With apologies to Harry Kalas.
Bexis had a couple of encounters with the “Wayback Machine” (a/k/a/ the “Internet Archive”) recently. If you don’t know what that is, it’s digital library of Internet ephemera – web pages and the like − that have since been taken down, revised, or otherwise have become unavailable in their original locations (it contains other material, as well, like old books). Researching Bexis’ recent off-label use law review article entailed searches for long-since vanished FDA material. Even more recently, Bexis advised someone looking for a 40-year-old “Dear Doctor” letter to try the Wayback Machine, since the drug in question had undoubtedly gone generic, and the manufacturer probably didn’t maintain a website for that drug.
That got us (well, Bexis) thinking. Are documents and other information obtained from the Wayback Machine admissible in court? If so, how have they been used?
The answer to the first question appears to be yes, although it can take some doing. The answer to the second question is “lots of different ways.” We discuss some of them in this post.
Starting with admissibility, in a criminal case, Wayback Machine material from the defendant’s now-defunct website was held admissible where the Wayback Machine screenshots were authenticated by:
a witness [who] testif[ied] about how the Wayback Machine website works and how reliable its contents are. The witness also compared the screenshots with previously authenticated and admitted images from [defendant’s] website and concluded, based upon her personal knowledge, that the screenshots were authentic.
United States v. Bansal, 663 F.3d 634, 668 (3d Cir. 2011).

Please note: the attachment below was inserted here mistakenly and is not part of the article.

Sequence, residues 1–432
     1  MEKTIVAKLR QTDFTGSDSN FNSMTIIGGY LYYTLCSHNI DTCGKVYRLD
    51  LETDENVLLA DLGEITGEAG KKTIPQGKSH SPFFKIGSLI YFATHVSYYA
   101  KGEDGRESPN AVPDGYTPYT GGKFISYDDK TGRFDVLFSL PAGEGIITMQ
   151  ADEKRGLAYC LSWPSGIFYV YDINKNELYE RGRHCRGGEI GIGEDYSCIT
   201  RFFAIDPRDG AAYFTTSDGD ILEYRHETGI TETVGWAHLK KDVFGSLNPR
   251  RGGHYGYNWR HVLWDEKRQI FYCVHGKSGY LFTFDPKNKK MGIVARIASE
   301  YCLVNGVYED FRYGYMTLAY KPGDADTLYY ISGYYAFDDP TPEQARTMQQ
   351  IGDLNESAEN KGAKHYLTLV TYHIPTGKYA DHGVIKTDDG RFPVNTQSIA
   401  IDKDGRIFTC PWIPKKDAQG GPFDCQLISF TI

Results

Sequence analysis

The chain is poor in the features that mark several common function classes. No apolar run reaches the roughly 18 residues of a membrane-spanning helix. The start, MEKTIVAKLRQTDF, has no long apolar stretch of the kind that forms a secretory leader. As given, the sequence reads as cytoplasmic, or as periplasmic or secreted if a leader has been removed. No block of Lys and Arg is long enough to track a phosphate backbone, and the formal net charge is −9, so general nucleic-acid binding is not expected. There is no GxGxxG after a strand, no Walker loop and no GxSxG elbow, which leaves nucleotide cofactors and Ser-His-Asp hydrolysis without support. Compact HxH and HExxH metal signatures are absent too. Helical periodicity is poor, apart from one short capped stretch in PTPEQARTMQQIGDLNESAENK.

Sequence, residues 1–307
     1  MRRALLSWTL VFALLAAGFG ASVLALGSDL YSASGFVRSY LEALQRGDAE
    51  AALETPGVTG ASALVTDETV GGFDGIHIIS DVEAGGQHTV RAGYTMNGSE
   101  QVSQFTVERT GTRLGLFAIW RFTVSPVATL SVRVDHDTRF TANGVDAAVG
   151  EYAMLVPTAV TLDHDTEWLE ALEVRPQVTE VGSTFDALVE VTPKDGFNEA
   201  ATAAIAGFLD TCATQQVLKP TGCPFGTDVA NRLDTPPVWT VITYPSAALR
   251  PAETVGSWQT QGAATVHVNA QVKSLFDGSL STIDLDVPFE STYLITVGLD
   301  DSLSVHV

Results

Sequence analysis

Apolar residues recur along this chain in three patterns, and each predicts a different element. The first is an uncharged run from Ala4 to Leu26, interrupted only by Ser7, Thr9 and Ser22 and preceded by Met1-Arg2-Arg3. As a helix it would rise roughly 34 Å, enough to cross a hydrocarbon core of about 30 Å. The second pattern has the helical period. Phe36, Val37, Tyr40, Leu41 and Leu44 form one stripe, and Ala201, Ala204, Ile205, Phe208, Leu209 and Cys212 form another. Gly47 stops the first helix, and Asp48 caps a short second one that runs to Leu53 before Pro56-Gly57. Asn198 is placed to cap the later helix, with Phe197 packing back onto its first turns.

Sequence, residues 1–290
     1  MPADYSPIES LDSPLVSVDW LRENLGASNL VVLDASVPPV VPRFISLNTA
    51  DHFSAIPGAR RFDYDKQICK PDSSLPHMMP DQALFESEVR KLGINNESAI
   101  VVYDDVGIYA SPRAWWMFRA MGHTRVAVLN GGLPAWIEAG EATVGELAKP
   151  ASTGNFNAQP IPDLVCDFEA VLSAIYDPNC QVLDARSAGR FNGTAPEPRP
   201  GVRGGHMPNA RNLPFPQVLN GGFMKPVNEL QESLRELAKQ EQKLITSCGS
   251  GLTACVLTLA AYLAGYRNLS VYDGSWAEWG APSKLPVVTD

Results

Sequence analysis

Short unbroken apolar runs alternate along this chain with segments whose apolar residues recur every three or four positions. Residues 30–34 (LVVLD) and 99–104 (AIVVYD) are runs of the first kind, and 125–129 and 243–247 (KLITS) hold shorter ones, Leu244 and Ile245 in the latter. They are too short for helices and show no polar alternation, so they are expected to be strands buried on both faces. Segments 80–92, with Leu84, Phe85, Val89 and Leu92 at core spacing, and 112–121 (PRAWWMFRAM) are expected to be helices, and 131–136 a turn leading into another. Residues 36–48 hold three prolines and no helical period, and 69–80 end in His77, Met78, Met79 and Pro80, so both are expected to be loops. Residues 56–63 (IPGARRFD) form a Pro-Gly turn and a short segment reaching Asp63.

In another criminal case, the prosecution actually “presented testimony from the office manager of the Internet Archive, who explained how the Archive captures and preserves evidence of the contents of the internet at a given time.” United States v. Gasperini, 894 F.3d 482, 490 (2d Cir. 2018). As in Bansal, that witness also “also compared the screenshots sought to be admitted with true and accurate copies of the same websites maintained in the Internet Archive, and testified that the screenshots were authentic and accurate.” Id. Agreeing with Bansal, Gasperini likewise found the evidence properly admitted.
We agree with the holding of the court in Bansal, and hold that the testimony presented in this case by the government was sufficient proof that a reasonable juror could find in favor of authenticity or identification. [Defendant] was free to cross-examine the witness about the nature and reliability of the Archive’s procedures for capturing and cataloging the contents of the internet at particular times, and the jury was thus enabled to make its own decision about the weight, if any, to be given to the records.
Id. (citation and quotation marks omitted). See United States v. Kieffer, 681 F.3d 1143, 1154 n.3 (10th Cir. 2012) (holding Wayback Machine downloads properly authenticated); Mojave Desert Holdings, LLC v. Crocs, Inc., 844 F. Appx. 343, 346 (Fed. Cir. 2021) (relying on patent examiner’s analysis of “a collection of web pages” downloaded from the Wayback Machine).
Indeed, courts “routinely take judicial notice . . . of the Internet Archive’s Wayback Machine as reliable evidence of how a particular website appeared on a particular date.” Munn v. Hotchkiss School, 165 A.3d 1167, 1203 (Conn. 2017) (citing Perera v. Attorney General, 536 F. Appx. 240, 242 n.3 (3d Cir. 2013); Distributorsoutlet.com, LLC v. Glasstree, Inc., 2016 WL 3248310, at *2 (E.D.N.Y. June 10, 2016); Erickson v. Nebraska Machinery Co., 2015 WL 4089849, at *1 n.1 (N.D. Cal. July 6, 2015); Pond Guy, Inc. v. Aquascape Designs, Inc., 2014 WL 2863871, *4 (E.D. Mich. June 24, 2014)).